joankim commented: I still dont know what you meant... Maybe explain it instead of pointing out my mistakes. +0
What did Google give you?
An easy way to print the contents of an array is to use the Arrays class's toString() method to format the array for printing. For example:
System.out.println("an ID here " + java.util.Arrays.toString(theArrayNameHere));
@Starstreak If you are going to do the OPs work for him, you should also explain how the code you post works.
use standard naming conventions
Take the Main method
try debugging the code by adding some println methods to the methods that the testing class's main() method calls to show what is happening in the code.
Please post the full text of the compiler's error messages so we can see what it is saying.
Your use of this in the first example has nothing to do with an interface. "this" is not needed there.
I don't know what the second example is trying to show. The compareTo method does not require a Comparable object.
Are you trying to learn programming
or are you just looking for working code?
That and $2 will get me a cup of coffee.
Who wrote the code that is posted? Ask that person how to create a new instance of a class.
Hint: use the new statement. It is used over 6 times in the program.
Your formatting is hiding your problem.
If you want to get better at Java I suggest that you use the recommended formatting for code. Formatting is important. It allows anyone to easily read the code and understand the nesting levels of the statements and to see what statements are inside of a loop and what statements are not in the loop.
I've said it 4 times now and I guess if you don't want to follow my suggestions there is nothing more I can do.
Another thing to improve the code: Use a variable to define the size of the arrays.
Do not hard code 80 and 79 and 39 all over the program.
Put these statements at the beginning of the class:
final static int NbrDigits = 10; //<<<<<<<<<Set small for testing
inal static int max = NbrDigits/2; // What is max used for???
static Scanner in = new Scanner("4\n4\n"); //System.in);
static int multiplyend = new int[NbrDigits];
Use the length of the arrays to control for loops, not a hard coded number:
for(int l=79; l>=0; l--) //<<<<<<< Poor technique use array.length-1 here
Could you preload the Scanner input by changing this line to have valid input.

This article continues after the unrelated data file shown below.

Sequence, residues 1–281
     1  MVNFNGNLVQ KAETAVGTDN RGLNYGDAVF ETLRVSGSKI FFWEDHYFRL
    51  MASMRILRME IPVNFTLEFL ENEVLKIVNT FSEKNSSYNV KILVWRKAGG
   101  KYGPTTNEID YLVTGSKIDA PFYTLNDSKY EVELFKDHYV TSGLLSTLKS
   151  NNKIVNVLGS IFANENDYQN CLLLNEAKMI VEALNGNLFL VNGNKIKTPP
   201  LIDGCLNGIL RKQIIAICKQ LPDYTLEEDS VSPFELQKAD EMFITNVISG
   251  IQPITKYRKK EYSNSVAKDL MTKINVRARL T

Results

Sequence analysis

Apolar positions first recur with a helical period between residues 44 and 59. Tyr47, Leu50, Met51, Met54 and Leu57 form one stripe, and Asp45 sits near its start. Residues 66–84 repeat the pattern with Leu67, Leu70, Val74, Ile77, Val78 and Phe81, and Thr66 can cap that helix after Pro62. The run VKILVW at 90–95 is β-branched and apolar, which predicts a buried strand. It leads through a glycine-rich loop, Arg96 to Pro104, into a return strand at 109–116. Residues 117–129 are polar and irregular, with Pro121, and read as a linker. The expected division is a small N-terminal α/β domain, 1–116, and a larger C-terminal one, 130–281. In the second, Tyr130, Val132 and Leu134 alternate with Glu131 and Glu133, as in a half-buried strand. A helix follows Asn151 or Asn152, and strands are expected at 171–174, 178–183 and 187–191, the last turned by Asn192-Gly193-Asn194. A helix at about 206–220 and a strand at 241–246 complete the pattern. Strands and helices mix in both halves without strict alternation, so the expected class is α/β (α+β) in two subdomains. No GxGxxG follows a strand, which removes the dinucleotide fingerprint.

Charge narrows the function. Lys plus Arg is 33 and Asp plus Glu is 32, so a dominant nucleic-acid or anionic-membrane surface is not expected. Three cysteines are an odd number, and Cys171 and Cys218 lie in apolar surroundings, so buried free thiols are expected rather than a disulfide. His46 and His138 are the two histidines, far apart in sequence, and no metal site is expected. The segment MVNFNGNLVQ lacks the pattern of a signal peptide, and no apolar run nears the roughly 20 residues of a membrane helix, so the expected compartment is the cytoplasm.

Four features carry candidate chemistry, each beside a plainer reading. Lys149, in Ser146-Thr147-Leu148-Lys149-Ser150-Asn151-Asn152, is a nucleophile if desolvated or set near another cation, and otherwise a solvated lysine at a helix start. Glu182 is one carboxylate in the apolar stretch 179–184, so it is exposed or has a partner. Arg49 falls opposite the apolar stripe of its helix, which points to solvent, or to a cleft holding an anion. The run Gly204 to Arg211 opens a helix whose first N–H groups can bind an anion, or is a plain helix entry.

static Scanner in = new Scanner("4 4\n"); //System.in);
For debug testing it is easier if the program doesn't have to ask for the input.
The correct input is provided every time without user intervention.
[QUOTE]What do I need to do to make it work to display like the picture above?[/QUOTE]
Look at what your code does for each statement it executes. Play computer by tracking thru the logic using a piece of paper and a pencil writing down the values of the variables as each statement is executed.
Where are the '&' characters in your code? It will never print the '&' without some code to do that.
Sounds like high school algebra. Solving an equation with 2 unknowns.
A way would be a brute force nested looping program.
[QUOTE] making this loop as long as you say yes [/QUOTE]
Where is the code for the loop?
All I see are some if statements?
[CODE]System.out.println("tempStr=" + tempString.substring(j, j) + "<");[/CODE]
An id also helps you know which print out came from what statement
Call the add...Listener method for the component that generates the event.
Can you get definitions from Google for these terms and post them here for us to chose which ones make sense in the java programming environment?
Have you tried to compile your code? Does it give compiler errors?
You'll save some time if you compile it first before posting it with errors you don't know about.
I don't see any debugging println statements that would tell you how each variable changes and how the execution flow goes.
If you understand your algorithm and can see when your code is not following that algorithm by looking at how the values of variables change, then the output from the printlns should show you what is happening.
The import statement is a way of telling the compiler where to look for class definitions when the class is in a package. It saves you from having to code the full package name when you use a class.
Without the import java.util.Scanner; statement, you would have to code
java.util.Scanner in = new java.util.Scanner(System.in);
For this case maybe it doesn't save much, but if you use the Scanner class many times it can save a lot of typing and make the code a little less cluttered looking.
Note: The class name is Scanner not scanner. Case is important
You disagree that commenting code will help OPs learn about programming?
Code without comments is like you are trying to show off.
A lot of us care to help students learn programmning.
[QUOTE]where it should change[/QUOTE]
I don't know about what [B]should[/B] be changed. But in the code you posted, it looks like in the getRate() method is where it [B]is[/B] changed.
The name: getRate() does not sound like a method that calculates salary.
[QUOTE]the value of salary isn't changing throughout.[/QUOTE]
If you want it to change, you'll have to execute the code that changes it.
To print out the value of varible: var on the console, use: System.out.println("var=" + var);
To copy the contents of the command prompt window:
Click on Icon in upper left corner
Select 'Select All' - The selection will show
Click in upper left again
Select Edit and click 'Copy'
[QUOTE] an easy solution for creating new arrays while runtime[/QUOTE]
use the new statement to create a new array. After creating them and filling them, they can be added to the ArrayList.